Hong Kong has spent billions on buying weapons from Britain
PUBLISHED : Tuesday, 28 October, 2014
Ebola is a problem that will not be solved, because it isn’t profitable to do so.
The Onion (a satirical newspaper in the US — ed.), as ever, is on point with its “coverage” of the worst recorded outbreak of Ebola, and the first in West Africa, infecting some 1,779 people and killing at least 961. “Experts: Ebola Vaccine At Least 50 White People Away,” read the cheeky headline of the July 31 news brief.
Our shorthand explanation is that if the people infected with Ebola were white, the problem would be solved. But the market’s role in both drug companies’ refusal to invest in research and the conditions on the ground created by neoliberal policies that exacerbate and even encourage outbreaks goes unmentioned.
Racism is certainly a factor. Jeremy Farrar, an infectious disease specialist and the head of the Wellcome Trust, one of the largest medical research charities in the world, told the Toronto Star: “Imagine if you take a region of Canada, America, Europe, and you had 450 people dying of a viral hemorrhagic fever. It would just be unacceptable — and it’s unacceptable in West Africa.”
“What is this?” said Ms. Torres, an accountant from Ridgewood, Queens, as she stared at the billboard-sized poster and its caption, which described the man as a Muslim shop owner in the Central African Republic chasing looters. Continue reading
This powerful film uses an “entertainment” format to assess the compelling evidence that people tied to the Nicaraguan Contras, who President Ronald Reagan called “the moral equivalent of our founding fathers,” were involved in bringing cocaine back to the United States at the dawn of the crack epidemic.
Writing for the San Jose Mercury-News, Gary Webb had traveled repeatedly to Central America and uncovered what appeared to be the story of the decade: people associated with a U.S.-backed mercenary army had become international drug traffickers. If “agents” or “assets” of the Central Intelligence Agency’s war against Nicaragua were implicated, even indirectly, in importing one gram of cocaine to America’s cities that should have set off alarm bells in the journalistic community and possibly won a Pulitzer Prize for Webb.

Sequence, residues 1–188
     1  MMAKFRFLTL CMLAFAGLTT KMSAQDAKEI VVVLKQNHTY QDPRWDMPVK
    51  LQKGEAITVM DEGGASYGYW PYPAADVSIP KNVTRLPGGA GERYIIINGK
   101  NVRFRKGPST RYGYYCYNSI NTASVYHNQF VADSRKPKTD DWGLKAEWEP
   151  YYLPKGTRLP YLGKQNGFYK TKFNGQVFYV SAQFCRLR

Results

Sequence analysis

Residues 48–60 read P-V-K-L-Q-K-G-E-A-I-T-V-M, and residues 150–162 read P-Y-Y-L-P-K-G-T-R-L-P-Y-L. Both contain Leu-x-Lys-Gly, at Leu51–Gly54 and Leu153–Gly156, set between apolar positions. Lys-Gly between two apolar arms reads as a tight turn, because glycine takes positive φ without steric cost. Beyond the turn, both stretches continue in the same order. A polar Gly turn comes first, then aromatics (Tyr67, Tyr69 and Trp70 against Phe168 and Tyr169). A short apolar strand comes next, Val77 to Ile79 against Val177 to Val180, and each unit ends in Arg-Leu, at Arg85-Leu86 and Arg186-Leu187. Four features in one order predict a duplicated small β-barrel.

Instead, the mainstream press went after Webb in a coordinated smear campaign that ignored the potential abuses he had uncovered and effectively allied itself with the Contras. “Journalists” and editors from the Washington Post, the Los Angeles Times, and the New York Times, essentially toed the line of right-wing rags like the Washington Times by citing unnamed sources from the CIA and national security establishment to burnish the image of the Contras and their taskmasters.
Despite a mountain of evidence from witness accounts, law enforcement and court records, a Senate subcommittee inquiry, Oliver North’s notebooks, congressional testimony, and even the CIA’s own internal review that backs up Webb’s original reporting, these mainstream hacks found that the best way to defend the CIA was to sully their colleague Webb.